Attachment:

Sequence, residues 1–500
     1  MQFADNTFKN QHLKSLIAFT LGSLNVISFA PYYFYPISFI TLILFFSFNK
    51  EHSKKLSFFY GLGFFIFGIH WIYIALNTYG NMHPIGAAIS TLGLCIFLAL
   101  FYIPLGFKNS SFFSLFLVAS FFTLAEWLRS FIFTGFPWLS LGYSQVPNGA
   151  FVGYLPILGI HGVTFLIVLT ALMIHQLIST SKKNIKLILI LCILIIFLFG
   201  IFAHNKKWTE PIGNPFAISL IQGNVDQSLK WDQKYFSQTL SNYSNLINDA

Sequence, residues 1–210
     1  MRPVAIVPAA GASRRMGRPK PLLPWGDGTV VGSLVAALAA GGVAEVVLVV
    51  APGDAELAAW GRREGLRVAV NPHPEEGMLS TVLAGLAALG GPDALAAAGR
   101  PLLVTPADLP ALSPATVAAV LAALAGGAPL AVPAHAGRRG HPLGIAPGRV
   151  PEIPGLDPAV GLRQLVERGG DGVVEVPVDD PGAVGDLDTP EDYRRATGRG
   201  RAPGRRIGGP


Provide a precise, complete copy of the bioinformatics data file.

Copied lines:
Sequence, residues 1–500
     1  MQFADNTFKN QHLKSLIAFT LGSLNVISFA PYYFYPISFI TLILFFSFNK
    51  EHSKKLSFFY GLGFFIFGIH WIYIALNTYG NMHPIGAAIS TLGLCIFLAL
   101  FYIPLGFKNS SFFSLFLVAS FFTLAEWLRS FIFTGFPWLS LGYSQVPNGA
   151  FVGYLPILGI HGVTFLIVLT ALMIHQLIST SKKNIKLILI LCILIIFLFG
   201  IFAHNKKWTE PIGNPFAISL IQGNVDQSLK WDQKYFSQTL SNYSNLINDA

Sequence, residues 1–210
     1  MRPVAIVPAA GASRRMGRPK PLLPWGDGTV VGSLVAALAA GGVAEVVLVV
    51  APGDAELAAW GRREGLRVAV NPHPEEGMLS TVLAGLAALG GPDALAAAGR
   101  PLLVTPADLP ALSPATVAAV LAALAGGAPL AVPAHAGRRG HPLGIAPGRV
   151  PEIPGLDPAV GLRQLVERGG DGVVEVPVDD PGAVGDLDTP EDYRRATGRG
   201  RAPGRRIGGP